Lettering in Instagram: How to succeed

Jon Benson

Hand lettering has become a big source of happiness for me. I take quotes and lyrics that speak to me and mold it into a personal expression through design. Lettering is also an endless chase. I’m always being inspired and challenged by a new style, ligature, flourish or technique. Instagram has become my platform of choice to share my work, as it has for a deluge of other artists worldwide. One quickly finds that receiving feedback, attention, and a following on Instagram is a joy unto itself. Feedback in the form of “favs” keeps me motivated to keep creating and developing my abilities. There are definitely proven methods to building momentum on Instagram, and I’d like to share four observations on how I’ve built a successful account.

1. Engage with your heroes, peers and followers

Surround yourself with artists who inspire you, kick your ass, make you stare at your screen in awe, and make you wish you could “fav” a post twice. Find and follow these accounts until your feed is a never-ending scroll of inspiration. Follow accounts that vary in style (for instance, you don’t just see brush lettering or calligraphy). This variety will help keep you challenged and prevent you from falling into a single style. When someone comments on your work, comment back. Engaging with visitors and followers gives your profile personality.

2. Hashtags mean exposure

If you want to be seen, you have to learn how to effectively hashtag your work. Most artists use hashtags that belong to large “feature” accounts such as Type Gang, The Daily Type, or Lettering Collective. These accounts have tens to hundreds of thousands of followers and artists who use their hashtags have a chance of being featured and gaining exposure. These hashtags are also how most lettering artists and fans search for work in general. Lately it’s become Instagram etiquette to not put all your hashtags into your upload’s description (this makes your post bulky and longer than necessary on a viewer’s feed), but rather as a comment. Be aware you may only use 30 hashtags per comment and it’s best to keep it under 30 per post anyway as too many can come across as spam. Here are staple hashtags I use: #goodtype, #thedailytype, #typegang, #designspiration, #letteringco, #artoftype, #typespire, #typematters, #50words, #calligritype, #handmadefont, #bftype, #typedaily, #typeeverything.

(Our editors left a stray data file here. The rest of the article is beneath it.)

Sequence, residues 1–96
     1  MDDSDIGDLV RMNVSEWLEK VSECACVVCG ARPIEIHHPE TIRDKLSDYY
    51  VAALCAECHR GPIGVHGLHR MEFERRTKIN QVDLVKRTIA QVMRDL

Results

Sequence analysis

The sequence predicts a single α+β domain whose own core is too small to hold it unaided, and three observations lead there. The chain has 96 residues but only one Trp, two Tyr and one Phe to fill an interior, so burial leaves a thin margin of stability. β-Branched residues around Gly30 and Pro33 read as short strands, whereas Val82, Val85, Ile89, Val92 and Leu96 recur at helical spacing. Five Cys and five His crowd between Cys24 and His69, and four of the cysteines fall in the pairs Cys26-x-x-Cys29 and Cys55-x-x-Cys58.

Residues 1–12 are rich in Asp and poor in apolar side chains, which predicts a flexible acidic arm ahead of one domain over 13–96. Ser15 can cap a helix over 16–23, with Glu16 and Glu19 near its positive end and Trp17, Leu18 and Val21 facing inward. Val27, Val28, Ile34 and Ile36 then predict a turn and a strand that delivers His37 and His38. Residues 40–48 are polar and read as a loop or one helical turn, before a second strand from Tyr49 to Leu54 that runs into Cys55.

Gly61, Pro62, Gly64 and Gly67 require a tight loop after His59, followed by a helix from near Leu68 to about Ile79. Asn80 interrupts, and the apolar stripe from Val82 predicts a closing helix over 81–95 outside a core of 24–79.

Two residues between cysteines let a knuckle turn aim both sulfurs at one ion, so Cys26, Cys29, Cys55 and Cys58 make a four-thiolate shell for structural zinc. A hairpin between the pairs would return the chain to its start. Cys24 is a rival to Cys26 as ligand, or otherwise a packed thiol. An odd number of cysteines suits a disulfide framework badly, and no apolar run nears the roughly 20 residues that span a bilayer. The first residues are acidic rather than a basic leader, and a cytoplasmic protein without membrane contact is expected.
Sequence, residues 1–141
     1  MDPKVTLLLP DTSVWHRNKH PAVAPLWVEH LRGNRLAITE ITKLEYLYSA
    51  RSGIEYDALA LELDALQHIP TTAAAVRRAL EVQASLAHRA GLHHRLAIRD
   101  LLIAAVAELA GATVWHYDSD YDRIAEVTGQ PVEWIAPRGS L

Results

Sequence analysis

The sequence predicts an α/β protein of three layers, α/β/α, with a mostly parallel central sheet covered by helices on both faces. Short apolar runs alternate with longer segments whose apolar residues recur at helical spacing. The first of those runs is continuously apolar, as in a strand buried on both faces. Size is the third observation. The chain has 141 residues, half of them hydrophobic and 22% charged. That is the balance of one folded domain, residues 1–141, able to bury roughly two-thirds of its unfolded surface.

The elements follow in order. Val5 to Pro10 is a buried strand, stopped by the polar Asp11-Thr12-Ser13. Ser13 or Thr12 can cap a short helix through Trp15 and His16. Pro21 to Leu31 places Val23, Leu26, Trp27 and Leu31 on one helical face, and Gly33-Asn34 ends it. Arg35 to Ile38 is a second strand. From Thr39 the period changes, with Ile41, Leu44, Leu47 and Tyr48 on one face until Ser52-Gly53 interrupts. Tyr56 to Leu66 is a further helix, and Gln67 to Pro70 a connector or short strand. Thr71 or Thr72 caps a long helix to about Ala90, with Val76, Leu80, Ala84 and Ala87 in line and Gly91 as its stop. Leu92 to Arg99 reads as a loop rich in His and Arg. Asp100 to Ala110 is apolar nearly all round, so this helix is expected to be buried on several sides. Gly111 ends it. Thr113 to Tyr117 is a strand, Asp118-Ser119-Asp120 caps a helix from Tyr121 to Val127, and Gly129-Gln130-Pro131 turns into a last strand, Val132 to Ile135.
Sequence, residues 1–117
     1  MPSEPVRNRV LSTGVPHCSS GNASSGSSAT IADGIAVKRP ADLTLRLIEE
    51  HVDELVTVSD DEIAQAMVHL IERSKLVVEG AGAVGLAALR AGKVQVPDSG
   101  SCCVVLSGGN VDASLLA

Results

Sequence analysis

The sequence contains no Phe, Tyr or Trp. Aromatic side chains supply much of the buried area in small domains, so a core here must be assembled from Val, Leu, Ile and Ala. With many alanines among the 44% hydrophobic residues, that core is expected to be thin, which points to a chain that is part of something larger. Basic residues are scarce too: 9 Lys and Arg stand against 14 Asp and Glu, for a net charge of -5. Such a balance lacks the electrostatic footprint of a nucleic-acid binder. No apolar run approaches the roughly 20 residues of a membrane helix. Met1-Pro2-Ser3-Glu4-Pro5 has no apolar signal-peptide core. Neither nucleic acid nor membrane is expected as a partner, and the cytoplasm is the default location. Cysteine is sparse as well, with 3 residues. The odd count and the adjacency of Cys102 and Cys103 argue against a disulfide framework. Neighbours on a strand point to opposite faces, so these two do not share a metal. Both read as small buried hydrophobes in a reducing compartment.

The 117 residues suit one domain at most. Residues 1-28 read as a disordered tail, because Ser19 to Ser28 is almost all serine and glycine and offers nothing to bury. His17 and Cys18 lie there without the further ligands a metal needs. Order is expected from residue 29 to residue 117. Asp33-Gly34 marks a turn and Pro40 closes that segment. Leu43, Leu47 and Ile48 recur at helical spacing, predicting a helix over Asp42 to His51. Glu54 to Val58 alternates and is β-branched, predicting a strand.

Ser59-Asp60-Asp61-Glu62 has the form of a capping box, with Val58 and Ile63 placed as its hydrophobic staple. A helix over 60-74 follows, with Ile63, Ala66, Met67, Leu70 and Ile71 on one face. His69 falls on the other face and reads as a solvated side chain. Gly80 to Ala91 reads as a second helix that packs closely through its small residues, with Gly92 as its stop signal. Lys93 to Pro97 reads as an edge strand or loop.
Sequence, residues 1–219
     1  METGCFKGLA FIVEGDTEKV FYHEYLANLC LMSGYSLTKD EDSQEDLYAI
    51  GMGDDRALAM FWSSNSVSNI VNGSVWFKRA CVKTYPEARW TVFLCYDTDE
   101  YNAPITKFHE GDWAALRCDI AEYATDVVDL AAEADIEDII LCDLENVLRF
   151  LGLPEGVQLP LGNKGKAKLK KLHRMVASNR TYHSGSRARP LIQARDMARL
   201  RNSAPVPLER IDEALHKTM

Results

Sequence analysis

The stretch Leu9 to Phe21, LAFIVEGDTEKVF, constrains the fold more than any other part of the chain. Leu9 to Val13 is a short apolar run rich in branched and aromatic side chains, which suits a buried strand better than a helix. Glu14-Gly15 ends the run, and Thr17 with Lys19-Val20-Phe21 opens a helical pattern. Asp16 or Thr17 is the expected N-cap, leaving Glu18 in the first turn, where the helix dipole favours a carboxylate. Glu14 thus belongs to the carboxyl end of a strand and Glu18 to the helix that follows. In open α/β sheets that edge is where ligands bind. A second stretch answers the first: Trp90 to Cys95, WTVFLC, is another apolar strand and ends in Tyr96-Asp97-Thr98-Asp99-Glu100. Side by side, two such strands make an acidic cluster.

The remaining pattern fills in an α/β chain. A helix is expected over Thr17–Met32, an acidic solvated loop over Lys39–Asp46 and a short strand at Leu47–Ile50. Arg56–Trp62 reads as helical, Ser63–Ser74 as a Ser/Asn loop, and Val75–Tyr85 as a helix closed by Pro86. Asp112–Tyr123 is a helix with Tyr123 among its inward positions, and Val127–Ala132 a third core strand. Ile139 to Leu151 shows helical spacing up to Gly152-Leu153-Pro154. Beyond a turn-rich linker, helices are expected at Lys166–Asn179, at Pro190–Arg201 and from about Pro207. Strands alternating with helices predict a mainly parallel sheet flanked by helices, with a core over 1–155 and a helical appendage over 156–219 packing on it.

3. Process over perfect

People love to see works in progress. Posting open sketchbooks with guidelines and grids still visible show people not only the thought you’ve put into your work, but also that you start with a sketch like any mortal. Process work gives insight to technique and builds anticipation of the finished work. You may also use process shots to give your audience a peek into your environment. Maybe you’ve been working at the kitchen table on a rainy day or at a park bench. Take a shot of your work far enough back that you can give contextual clues of your surroundings—this will lend personality to your work. Also, I cannot stress enough the importance of lighting. Before posting do a little color and exposure correcting to make sure your paper is a nice, clean white and not a dim grey. Placing an object in the shot such as your pen in hand while touching up a detail provides both a sense of scale and being in-the-moment. If you enjoy brush lettering/calligraphy, a popular type of upload is to make a video of you writing. This shows the entire process of the work and functions as both entertainment and instruction for your viewer.

4. Be authentic, humble and patient

“Stay Humble, Keep Hustling” has become a sort of mantra for my millennial generation. Appropriately enough, I’ve seen this phrase lettered six ways from Sunday in every style under the sun. Don’t bow to trends; only do work that speaks to and comes from you. If your work is a clear expression of diligence, discipline and persistence, people will notice and appreciate it. Never stop challenging yourself; this way, people will look forward to what you’re going to do next. Most importantly, favs and features will come—just be patient and do good work. You must remember that feature accounts are run by a person with subjective tastes and likes and just because your work hasn’t caught their eye doesn’t mean it isn’t good work. Your work and pattern of uploading carries a distinct attitude, so make sure it’s a good one.

You can find my work on Instagram and Behance at jonbensondesigns. Thank you!